Key point 6-10.1. According to the majority view, the civil courts will not resolve disputes challenging a church’s discipline of a member since the First Amendment guaranty of religious freedom prevents them from deciding who are members in good standing of a church.
A North Carolina appeals court ruled that it was barred by the First Amendment guaranty of religious freedom from resolving a lawsuit brought by two dismissed church members challenging the legality of their removal. A married couple (the plaintiffs) asked a court to rule that they remained active members of a church they had attended for 35 years. The church claimed that a membership meeting was convened and the members voted unanimously to revoke the plaintiffs’ membership. The plaintiffs challenged the validity of this meeting on the ground that it was not conducted in conformity with the church’s constitution and bylaws in at least two respects: (1) they were never informed in writing of their removal as members, and (2) they were not given an opportunity to address the church membership concerning their removal. A trial court dismissed the lawsuit on the ground that the plaintiffs’ status of membership in the church was a “core ecclesiastical matter.” The plaintiffs appealed.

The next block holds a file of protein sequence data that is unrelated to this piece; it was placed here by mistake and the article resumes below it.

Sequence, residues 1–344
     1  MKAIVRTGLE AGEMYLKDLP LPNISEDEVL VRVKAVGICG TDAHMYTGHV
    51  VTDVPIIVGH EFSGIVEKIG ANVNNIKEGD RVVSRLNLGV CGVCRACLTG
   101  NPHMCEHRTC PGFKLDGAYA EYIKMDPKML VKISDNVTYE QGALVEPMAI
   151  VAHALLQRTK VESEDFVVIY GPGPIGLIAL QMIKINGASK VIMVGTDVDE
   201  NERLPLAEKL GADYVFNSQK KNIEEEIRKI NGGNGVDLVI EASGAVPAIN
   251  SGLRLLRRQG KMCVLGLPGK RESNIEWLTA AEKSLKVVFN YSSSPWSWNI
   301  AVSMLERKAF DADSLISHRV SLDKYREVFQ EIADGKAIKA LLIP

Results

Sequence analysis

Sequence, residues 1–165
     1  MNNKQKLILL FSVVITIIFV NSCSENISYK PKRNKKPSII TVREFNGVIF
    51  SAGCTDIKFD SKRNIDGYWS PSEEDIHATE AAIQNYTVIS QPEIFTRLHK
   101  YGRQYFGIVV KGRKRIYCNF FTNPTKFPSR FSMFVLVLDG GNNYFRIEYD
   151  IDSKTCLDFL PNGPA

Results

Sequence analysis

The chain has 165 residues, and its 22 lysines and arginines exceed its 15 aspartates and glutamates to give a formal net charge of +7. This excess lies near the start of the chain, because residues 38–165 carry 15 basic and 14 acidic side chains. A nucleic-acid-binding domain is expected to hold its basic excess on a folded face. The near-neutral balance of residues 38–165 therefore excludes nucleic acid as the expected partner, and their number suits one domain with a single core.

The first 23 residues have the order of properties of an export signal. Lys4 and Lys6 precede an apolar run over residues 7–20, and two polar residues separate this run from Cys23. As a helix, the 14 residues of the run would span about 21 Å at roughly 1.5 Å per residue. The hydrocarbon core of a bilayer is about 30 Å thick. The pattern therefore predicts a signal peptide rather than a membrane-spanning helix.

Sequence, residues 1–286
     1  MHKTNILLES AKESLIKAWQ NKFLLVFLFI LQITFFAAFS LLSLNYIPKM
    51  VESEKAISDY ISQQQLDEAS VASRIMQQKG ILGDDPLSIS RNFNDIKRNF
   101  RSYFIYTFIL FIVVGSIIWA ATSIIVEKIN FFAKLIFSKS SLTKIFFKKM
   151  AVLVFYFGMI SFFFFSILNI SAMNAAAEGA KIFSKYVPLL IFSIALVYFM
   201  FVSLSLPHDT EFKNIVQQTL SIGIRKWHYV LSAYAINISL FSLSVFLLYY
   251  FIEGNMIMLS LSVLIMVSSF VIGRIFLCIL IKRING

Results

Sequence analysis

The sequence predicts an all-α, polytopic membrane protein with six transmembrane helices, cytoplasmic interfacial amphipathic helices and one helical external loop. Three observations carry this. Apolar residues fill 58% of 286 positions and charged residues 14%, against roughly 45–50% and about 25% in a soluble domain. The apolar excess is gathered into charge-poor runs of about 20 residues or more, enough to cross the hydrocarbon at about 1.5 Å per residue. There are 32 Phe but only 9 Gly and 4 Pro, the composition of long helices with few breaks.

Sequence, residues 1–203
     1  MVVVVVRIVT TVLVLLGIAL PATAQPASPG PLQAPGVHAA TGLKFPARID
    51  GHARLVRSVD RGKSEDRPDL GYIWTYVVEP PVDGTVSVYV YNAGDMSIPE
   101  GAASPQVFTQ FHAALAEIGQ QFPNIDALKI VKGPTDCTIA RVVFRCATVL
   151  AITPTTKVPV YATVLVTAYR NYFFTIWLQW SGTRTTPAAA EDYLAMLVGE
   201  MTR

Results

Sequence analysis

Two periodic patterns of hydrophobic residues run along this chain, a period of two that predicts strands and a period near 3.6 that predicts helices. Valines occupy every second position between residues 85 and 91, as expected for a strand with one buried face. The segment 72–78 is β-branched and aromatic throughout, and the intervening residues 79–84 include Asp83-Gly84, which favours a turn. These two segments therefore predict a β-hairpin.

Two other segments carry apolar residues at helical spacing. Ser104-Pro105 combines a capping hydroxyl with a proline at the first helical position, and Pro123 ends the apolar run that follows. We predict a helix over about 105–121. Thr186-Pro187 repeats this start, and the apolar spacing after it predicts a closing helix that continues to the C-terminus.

A state appeals court affirmed the trial court’s dismissal of the case. It concluded:
Courts should not and may not become entangled in purely ecclesiastical matters involving a church, but can resolve civil law matters which may arise from a church controversy. Ecclesiastical matters include those which concern doctrine, creed, or form of worship of the church, or the adoption and enforcement within a religious association of needful laws and regulations for the government of membership, and the power of excluding from such associations those deemed unworthy of membership by the legally constituted authorities of the church.